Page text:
The Official Journal
The North Carolina
Sociological Association: A
Editorial Board: Editor: George H. Conklin, North Carolina Central University Board: Richard Dixon, UNC-Wilmington Chien Ju Huang, North Carolina Central University Ken Land, Duke University Miles Simpson, North Carolina Central University Ron Wimberley N.C. State University Robert Wortham, North Carolina Central University
Volume 2, Number 2
The Impact of Density: The Importance of Nonlinearity and Selection on Flight and Fight Response, by Wendy C. Regoeczi, in Social Forces 81, 2002, pp. 505-530.
Researchers in the social sciences have long tried to explain the effects of urbanization on the human animal. Of special interest has been the observed rates of crime and deviant behavior found in cities. In the United States city crime rates are higher than suburban rates, which in turn are higher than rural rates. Studies on animals as well as observations of human behavior have been used to examine density and human pathology, but results have been mixed. Regoeczi shows that the effect of crowding on human behavior is non-linear. Further, people who suffer from the effects of crowding self-select into lower density living conditions to self-treat their condition.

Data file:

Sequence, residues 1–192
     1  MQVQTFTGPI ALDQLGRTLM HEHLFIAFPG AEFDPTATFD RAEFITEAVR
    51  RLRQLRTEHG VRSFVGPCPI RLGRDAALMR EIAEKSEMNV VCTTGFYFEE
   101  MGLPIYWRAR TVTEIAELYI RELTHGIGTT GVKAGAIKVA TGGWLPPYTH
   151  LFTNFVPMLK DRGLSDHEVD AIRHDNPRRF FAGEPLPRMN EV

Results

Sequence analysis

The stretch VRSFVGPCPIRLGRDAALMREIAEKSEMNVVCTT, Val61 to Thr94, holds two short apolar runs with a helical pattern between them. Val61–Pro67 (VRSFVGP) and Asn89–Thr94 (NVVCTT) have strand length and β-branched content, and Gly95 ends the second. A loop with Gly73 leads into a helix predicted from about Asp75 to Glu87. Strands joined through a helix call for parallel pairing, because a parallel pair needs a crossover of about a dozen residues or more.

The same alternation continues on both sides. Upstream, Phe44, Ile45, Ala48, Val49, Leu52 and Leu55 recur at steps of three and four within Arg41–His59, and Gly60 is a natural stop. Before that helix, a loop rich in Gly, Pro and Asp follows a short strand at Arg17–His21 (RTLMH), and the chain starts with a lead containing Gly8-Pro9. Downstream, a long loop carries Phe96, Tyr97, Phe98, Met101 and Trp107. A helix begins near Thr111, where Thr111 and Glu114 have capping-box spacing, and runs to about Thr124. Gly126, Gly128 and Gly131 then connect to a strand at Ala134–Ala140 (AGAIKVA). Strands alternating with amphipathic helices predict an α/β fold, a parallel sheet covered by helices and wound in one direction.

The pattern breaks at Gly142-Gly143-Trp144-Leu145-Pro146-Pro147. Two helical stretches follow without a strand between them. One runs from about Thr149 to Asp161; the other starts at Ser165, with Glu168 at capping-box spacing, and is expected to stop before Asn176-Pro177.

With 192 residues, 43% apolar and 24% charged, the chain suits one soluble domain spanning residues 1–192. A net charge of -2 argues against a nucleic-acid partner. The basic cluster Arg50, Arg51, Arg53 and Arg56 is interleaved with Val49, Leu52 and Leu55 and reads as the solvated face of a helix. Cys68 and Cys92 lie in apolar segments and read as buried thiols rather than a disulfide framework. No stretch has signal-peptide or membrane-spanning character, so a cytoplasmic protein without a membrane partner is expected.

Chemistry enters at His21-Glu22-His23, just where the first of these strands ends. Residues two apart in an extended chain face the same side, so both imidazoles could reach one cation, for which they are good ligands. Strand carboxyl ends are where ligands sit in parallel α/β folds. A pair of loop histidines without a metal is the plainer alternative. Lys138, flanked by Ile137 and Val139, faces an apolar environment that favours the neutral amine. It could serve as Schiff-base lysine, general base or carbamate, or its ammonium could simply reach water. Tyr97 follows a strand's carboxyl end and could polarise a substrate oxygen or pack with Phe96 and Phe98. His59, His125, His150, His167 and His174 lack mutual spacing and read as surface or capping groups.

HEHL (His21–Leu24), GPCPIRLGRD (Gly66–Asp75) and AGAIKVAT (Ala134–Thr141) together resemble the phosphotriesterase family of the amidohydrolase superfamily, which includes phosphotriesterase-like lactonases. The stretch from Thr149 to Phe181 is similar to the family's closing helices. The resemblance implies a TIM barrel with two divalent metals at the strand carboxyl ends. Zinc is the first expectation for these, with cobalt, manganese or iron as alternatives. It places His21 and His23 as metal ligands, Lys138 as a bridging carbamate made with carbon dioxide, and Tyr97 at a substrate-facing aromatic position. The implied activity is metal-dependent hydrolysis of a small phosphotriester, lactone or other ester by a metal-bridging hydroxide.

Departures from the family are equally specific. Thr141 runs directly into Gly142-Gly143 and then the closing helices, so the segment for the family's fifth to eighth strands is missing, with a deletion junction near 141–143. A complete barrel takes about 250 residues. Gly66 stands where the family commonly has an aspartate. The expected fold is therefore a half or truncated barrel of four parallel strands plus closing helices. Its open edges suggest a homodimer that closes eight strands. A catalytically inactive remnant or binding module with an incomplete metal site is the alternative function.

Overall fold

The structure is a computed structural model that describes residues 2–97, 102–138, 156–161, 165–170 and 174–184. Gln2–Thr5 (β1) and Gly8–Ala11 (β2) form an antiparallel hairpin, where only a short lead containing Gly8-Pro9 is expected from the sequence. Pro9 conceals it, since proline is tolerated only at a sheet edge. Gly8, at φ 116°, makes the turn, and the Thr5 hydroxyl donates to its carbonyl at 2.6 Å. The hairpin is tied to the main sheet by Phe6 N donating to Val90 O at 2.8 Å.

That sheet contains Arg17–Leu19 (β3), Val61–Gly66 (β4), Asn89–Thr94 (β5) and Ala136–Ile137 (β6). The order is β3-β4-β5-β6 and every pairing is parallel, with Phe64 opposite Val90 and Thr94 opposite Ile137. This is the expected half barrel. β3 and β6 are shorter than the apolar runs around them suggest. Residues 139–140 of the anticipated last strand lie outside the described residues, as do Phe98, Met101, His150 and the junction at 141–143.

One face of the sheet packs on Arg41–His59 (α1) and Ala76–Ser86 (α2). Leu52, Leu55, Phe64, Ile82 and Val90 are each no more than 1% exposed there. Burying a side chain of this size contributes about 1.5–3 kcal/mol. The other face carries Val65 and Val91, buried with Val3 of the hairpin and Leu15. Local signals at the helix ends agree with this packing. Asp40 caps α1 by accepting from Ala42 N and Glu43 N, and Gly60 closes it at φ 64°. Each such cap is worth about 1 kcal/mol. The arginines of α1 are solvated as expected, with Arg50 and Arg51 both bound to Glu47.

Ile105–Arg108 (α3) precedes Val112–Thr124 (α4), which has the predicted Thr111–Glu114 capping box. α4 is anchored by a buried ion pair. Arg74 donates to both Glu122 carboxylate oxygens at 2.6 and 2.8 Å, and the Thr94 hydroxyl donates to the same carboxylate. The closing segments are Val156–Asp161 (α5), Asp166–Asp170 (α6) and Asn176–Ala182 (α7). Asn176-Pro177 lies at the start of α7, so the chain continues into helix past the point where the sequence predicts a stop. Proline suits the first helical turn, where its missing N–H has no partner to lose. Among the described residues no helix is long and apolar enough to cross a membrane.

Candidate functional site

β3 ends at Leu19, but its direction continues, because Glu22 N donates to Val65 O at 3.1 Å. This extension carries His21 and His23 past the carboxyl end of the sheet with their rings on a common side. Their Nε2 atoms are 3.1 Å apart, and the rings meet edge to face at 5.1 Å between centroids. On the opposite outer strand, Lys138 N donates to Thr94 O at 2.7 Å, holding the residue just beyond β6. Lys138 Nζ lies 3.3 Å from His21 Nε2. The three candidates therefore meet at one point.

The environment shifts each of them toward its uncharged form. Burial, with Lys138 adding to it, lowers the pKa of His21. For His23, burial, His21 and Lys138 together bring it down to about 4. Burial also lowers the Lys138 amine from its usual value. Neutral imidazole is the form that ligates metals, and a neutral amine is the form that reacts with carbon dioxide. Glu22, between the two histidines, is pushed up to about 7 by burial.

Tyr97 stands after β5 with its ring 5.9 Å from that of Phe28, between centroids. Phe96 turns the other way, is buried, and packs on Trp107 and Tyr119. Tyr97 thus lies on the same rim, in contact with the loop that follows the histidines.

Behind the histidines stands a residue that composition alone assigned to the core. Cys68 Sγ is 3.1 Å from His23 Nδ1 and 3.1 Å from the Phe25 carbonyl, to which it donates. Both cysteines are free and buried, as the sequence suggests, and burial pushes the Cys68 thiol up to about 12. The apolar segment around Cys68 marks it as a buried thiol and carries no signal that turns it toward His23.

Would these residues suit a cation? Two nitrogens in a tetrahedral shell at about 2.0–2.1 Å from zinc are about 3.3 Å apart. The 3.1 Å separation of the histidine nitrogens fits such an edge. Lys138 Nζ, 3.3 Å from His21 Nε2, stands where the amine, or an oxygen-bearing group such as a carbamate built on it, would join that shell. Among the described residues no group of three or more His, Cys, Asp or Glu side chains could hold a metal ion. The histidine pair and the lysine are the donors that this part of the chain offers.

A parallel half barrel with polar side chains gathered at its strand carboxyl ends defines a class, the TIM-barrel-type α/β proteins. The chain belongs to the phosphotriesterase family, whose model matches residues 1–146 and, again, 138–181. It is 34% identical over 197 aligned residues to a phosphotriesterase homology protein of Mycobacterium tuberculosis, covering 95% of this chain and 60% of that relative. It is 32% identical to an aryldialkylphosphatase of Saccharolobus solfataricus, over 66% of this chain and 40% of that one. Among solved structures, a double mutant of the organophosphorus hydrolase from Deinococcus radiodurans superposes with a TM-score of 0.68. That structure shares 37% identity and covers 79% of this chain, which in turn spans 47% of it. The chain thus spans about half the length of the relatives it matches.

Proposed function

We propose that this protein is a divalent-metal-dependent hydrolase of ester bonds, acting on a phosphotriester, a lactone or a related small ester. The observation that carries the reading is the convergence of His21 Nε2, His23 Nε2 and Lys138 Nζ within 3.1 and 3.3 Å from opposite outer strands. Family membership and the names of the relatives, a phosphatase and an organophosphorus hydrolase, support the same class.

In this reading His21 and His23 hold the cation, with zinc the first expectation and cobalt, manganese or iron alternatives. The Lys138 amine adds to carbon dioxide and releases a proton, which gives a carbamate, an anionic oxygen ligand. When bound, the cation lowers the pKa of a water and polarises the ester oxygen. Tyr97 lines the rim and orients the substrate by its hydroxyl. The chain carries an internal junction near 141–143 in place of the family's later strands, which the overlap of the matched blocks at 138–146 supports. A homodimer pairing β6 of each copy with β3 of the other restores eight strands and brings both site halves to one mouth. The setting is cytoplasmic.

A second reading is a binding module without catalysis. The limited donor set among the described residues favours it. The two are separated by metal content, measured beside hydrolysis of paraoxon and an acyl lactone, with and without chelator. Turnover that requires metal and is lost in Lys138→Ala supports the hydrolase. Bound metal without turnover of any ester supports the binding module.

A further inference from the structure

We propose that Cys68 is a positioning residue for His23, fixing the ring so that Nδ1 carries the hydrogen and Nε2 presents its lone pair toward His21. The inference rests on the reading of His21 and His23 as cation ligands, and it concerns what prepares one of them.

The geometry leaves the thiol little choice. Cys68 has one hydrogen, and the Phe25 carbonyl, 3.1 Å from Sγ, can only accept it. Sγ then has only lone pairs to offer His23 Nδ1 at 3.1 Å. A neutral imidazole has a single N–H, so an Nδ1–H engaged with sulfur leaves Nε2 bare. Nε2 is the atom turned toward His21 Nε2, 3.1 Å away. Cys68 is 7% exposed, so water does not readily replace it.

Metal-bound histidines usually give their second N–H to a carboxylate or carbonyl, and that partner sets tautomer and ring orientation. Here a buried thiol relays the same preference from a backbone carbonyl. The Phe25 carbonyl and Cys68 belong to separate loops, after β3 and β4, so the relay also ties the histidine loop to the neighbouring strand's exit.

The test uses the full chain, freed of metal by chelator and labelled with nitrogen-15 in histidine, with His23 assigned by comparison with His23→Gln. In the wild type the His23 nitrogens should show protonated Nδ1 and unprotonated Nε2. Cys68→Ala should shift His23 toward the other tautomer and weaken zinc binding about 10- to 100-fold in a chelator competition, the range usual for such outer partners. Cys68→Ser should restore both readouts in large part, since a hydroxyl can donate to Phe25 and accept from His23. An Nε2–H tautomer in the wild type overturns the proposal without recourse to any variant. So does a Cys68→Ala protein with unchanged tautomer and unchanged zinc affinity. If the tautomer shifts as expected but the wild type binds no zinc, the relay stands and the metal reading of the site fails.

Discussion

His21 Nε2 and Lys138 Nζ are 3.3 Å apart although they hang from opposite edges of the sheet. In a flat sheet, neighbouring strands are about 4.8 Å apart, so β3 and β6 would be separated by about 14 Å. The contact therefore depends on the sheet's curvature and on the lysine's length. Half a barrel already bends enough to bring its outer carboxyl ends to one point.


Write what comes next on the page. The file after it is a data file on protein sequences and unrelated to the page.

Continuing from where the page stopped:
Two major theories have developed to explain the effects of density on human behavior. Wirth’s (1938) is the most common with his famous statement that size, density and heterogenity explain the effects of urban life on the human animal. The experiments done by Milgram (1970) suggest that when people are confronted with a large number of strangers in everyday life, they tend to withdraw and take less interest in the community in order to protect themselves from overload. Wolfgang (1970), among others, suggests that urban withdrawal and anomie resulting from density explains higher urban crime rates.
Animal studies made famous by Calhoun (1962) show that crowding in the animal world results in what he calls the behavioral sink. Normal behavior and reproductive habits fail. Aggressive behavior increases when density passes a certain point as animals compete for resources. In the experience of the reviewer, those who deny any possible connection between any human behavior simply say that humans are not animals so there can be nothing learned from animal experiments. However, human animals do seem to exhibit much lower fertility rates in cities than is true in rural areas.